Another issue that cropped up this week that I still haven’t solved yet is my printing capability that suddenly went away. My setup is unique perhaps, I use an older Canon i70 USB printer that has been a workhorse for years. It is plugged into the USB port on my Airport Extreme WiFi router so that anyone in the house on the network can print to it. At least, that’s the way it worked until a few days ago. One morning I tried to print from the MacBook Pro and it got the error you see in the dialog. Even deleting the printer and reinstalling it in OS X didn’t work, although that has worked in the past. I didn’t have time to troubleshoot so I let it go and later on realized I couldn’t print from the Windows machines either. That is accomplished using the free Bonjour utility from Apple and my attempts to delete the printer and reinstall it under Bonjour for Windows hasn’t resolved the issue either. I’m beginning to think that the Canon may just be running out of steam, something that wouldn’t surprise me all that much. I’ll have to fix it pretty soon though. I don’t print all that often but when I need to print I usually really need to print. It means that I can’t make copies using my scanner either.
UPDATE: Just before going to press I reset the Airport Extreme router and printing is back again. :)
I have written recently about how having my ebook reader living on my phone has resulted in my reading more books than I have in a good while. I am able to capture random moments of idleness and pull out my phone and read away. I do so much online research that I read ebooks strictly for leisure so I only read novels to pass the time. Having my reader on the phone has enabled me to finish the last two books in the Odd Thomas series by Dean Koontz. This is an absolutely great series and Koontz created one of most unexpected heroes in Odd Thomas that I’ve encountered in a great while. I enjoyed this series so much that I realized in the last book that at one point I was almost overcome with emotion over something that happened. That rarely happens and is a tribute to how well Dean Koontz fleshed out the character of Odd Thomas over the series. Highly recommended.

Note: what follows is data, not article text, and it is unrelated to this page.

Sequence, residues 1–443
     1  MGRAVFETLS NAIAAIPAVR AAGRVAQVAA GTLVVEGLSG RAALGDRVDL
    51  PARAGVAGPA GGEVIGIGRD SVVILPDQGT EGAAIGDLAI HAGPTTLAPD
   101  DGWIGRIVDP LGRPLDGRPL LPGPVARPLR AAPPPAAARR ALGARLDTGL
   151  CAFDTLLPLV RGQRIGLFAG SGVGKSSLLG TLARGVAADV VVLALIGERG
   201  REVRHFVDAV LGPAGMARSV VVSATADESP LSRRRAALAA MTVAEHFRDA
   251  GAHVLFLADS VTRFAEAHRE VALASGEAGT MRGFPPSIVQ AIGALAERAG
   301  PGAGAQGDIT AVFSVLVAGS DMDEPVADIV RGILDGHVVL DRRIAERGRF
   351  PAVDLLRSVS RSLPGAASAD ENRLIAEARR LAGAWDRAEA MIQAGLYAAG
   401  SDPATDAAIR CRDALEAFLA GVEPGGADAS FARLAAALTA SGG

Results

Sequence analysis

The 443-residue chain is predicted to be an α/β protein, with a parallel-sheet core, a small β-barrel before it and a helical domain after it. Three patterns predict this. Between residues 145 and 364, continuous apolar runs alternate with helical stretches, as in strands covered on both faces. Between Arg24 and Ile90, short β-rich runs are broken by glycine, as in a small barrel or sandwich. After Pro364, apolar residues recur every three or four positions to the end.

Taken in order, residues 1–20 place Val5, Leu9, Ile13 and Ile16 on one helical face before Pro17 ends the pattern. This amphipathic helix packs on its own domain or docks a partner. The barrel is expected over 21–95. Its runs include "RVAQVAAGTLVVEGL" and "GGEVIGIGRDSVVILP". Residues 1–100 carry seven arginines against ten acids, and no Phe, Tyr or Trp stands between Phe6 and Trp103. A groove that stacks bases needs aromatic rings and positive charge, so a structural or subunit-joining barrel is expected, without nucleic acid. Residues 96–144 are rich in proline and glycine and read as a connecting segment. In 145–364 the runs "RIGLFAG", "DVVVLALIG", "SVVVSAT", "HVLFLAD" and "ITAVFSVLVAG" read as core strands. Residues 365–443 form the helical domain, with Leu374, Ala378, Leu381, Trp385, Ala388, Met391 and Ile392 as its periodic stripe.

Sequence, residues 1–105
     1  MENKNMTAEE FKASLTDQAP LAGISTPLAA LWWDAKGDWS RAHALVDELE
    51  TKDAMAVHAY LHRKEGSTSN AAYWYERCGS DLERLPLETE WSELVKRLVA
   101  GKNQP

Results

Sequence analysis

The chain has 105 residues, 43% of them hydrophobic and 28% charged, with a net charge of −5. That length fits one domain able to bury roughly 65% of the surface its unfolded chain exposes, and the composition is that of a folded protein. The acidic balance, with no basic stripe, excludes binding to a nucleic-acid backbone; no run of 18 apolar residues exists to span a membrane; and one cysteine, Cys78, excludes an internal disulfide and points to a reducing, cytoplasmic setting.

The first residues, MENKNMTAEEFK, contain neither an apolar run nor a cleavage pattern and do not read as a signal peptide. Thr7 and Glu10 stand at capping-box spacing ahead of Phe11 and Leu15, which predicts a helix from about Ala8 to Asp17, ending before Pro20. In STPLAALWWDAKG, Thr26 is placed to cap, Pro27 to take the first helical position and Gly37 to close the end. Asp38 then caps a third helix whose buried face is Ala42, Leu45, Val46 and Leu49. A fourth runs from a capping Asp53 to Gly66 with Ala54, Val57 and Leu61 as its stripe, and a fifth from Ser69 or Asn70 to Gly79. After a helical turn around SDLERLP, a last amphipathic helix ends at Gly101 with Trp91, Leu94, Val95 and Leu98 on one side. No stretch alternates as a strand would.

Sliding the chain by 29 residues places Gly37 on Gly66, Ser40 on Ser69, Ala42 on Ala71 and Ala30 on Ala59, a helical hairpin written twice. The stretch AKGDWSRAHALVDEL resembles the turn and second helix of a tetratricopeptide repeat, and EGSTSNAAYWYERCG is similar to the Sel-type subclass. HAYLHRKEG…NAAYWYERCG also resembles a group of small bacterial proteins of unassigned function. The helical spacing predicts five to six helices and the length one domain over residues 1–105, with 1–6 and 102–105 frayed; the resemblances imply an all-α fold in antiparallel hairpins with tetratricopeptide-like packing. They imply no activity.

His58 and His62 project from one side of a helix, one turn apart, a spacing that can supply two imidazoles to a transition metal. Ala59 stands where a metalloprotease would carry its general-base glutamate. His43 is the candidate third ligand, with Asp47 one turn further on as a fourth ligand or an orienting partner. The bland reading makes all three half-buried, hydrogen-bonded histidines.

I got new glasses this week and that’s probably helped my reading time too, although these glasses took longer to adjust to than usual. I use progressive lenses, a fancy and expensive way to refer to no-line bifocals, which means that the lenses change in the up to down direction with the reading area residing on the bottom of the main lens and the far away area higher up. There’s a mid-range area in between to further complicate things. I’ve worn them for years and swear by them but these new glasses have much smaller lenses than I’ve gotten in the past which means the reading area is much closer to the "far away" area than I’m used to. My brain has adjusted now though and I don’t have to think about how I should be looking at stuff based on the distance from me. I do love my progressive lenses, I just don’t like paying for them.
As you can probably tell I am enjoying my new life as a professional blogger, sorry, technology writer. I am doing what I love to do and it’s grand. Mobile Tech Manor is getting busier than ever and I expect that to continue as time goes on. There will always be gadgets coming in the door and other gadgets leaving to go back. I have commissioned French doors to be made and installed which should happen in the next week or two. My office has an arched entryway instead of a door and the inability to close it off has not been fun. It will be so nice when I can close the doors and work away. Of course, with all the gadgets going in and out maybe I should have a revolving door installed instead of French doors, ya think? Until next week, peace.